Paramilitary troops returned Sunday to posts they had abandoned months ago in the Khyber region as Pakistani forces widened their offensive against militants in the volatile tribal area along the Afghan border, an official said.
Prime Minister Yousuf Raza Gilani said the government was forced to take action because it faced an "immediate problem" from militants near the city of Peshawar and in the Swat Valley.
The government launched the operation Saturday after the militants began threatening Peshawar and ambushed supply convoys bound for U.S.-led coalition troops in Afghanistan.
Troops from the paramilitary Frontier Corps, backed by tanks and armored personnel carriers, quickly cleared militants out of the Bara region, said Muhammad Siddiq Khan, a local official.
A tribal paramilitary force that had been forced to abandon its posts in the region several months ago returned to the checkpoints Sunday, he said.
The Frontier Corps met no resistance as it moved into other areas outside Bara, destroying militant bases along the way, he said.
On Saturday, authorities shelled militant hide-outs and blew up the headquarters of militant leader Menghal Bagh, who had apparently fled. The operation was also expected to target Haji Namdar, whose Vice and Virtue Movement is suspected of attacks against coalition soldiers in Afghanistan.
Shift in strategy
The Khyber offensive appears to be a shift in strategy by Pakistan's new government, backing its calls for peace deals in the tribal areas with the threat of forceful action against militants who get out of line.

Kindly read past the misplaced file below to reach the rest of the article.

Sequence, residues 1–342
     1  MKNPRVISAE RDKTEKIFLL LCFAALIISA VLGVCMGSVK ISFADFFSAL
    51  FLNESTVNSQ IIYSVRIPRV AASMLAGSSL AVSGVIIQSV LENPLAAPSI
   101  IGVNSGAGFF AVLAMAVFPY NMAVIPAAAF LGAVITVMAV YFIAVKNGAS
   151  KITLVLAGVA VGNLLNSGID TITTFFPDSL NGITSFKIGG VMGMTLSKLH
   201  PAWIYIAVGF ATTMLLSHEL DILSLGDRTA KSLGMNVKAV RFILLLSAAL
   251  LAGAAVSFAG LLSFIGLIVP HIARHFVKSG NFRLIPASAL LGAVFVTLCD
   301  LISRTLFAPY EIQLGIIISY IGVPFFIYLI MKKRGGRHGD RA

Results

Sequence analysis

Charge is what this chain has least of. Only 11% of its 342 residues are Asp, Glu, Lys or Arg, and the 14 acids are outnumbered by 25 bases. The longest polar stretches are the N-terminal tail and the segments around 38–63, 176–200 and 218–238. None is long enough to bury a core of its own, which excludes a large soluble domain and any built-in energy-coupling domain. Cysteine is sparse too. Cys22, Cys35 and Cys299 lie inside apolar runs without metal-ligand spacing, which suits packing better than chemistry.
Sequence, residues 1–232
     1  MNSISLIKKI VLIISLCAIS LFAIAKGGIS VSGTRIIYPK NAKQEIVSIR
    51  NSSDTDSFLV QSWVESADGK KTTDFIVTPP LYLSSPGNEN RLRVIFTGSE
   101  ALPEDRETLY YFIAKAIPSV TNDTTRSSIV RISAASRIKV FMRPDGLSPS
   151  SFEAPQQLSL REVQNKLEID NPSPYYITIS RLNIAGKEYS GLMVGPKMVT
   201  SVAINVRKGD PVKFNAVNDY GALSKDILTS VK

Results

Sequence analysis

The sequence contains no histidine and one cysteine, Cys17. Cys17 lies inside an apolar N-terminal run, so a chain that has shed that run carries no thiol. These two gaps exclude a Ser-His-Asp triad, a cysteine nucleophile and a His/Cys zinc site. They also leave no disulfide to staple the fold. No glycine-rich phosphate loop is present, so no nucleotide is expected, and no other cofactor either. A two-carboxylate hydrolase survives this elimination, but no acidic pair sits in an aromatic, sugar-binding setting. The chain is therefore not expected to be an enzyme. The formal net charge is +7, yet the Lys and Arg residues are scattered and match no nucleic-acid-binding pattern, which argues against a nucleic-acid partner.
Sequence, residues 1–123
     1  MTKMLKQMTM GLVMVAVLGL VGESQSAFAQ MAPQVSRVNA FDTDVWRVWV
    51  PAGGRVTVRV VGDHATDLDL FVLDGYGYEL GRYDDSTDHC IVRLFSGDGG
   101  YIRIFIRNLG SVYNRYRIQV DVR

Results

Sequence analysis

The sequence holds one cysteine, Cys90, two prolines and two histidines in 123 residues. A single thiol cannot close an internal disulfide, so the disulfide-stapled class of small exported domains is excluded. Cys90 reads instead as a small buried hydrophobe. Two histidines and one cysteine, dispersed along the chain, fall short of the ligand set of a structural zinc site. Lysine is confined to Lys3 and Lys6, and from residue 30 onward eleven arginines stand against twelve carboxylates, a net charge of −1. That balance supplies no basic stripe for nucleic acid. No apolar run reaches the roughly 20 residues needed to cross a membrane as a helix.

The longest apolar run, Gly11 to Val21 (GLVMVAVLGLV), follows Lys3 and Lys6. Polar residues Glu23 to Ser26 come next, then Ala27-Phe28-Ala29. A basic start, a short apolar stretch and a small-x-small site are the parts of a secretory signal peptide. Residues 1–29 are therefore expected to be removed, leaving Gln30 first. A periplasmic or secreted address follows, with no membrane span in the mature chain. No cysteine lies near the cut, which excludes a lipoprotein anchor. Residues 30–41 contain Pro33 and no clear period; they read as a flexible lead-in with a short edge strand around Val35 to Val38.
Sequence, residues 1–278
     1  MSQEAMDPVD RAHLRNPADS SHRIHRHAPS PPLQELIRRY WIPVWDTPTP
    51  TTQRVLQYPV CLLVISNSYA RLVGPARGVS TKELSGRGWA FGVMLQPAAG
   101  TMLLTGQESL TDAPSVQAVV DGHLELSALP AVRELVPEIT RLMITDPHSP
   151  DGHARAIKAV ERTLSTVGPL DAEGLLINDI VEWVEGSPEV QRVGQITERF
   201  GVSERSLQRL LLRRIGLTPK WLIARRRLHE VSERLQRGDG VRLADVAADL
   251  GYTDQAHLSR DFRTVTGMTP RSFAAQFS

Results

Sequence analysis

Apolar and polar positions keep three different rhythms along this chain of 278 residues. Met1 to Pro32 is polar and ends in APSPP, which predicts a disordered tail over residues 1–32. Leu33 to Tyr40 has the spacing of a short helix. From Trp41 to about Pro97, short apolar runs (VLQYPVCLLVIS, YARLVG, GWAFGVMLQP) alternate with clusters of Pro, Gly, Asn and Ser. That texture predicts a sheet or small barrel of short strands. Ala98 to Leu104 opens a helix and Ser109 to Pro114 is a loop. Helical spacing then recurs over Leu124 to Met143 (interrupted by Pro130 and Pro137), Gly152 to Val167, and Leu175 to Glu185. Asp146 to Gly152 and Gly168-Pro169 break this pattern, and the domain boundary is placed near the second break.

Speaking to reporters in Lahore, Gilani defended the peace deals, but warned that authorities will resort to force "if (the groups) backtrack from their agreements and damage state property."
The United States has said peace deals will give militants the freedom to regroup for attacks on U.S. and NATO forces in Afghanistan.
Afghan officials welcomed the operation in Khyber and reiterated their suspicion that a surge in violence in Afghanistan was partly due to the lack of pressure on militants in Pakistan's tribal areas.
"We endorse this operation, we want this operation to be continued and we want this operation to be successful," Afghan Defense Ministry spokesman Gen. Mohammad Zahir Azimi said.
NATO spokesman Brig. Gen. Carlos Branco said "everything that can minimize the threat in Afghanistan is good for us."
"We know that as long as insurgents can operate safely on the Pakistan side of the border, then there cannot be security in Afghanistan," said Mark Laity, another alliance spokesman.
In the wake of the offensive, Baitullah Mehsud, the top Taliban leader in Pakistan, said he was suspending talks between his allies and the government and implied his forces could cause trouble in Pakistan's main cities.
Maj. Gen. Alam Khattak, head of the Frontier Corps, hinted this would not be the only operation against militants and other officials said the volatile Swat region could be next.
On Sunday, a remote-controlled bomb blast killed two soldiers on a foot patrol in Swat's Matta area, a former militant stronghold, army spokesman Maj. Gen. Athar Abbas said.
Pro-Taliban fighters have battled security forces in Swat in recent months, despite a peace deal between militants and the new provincial government.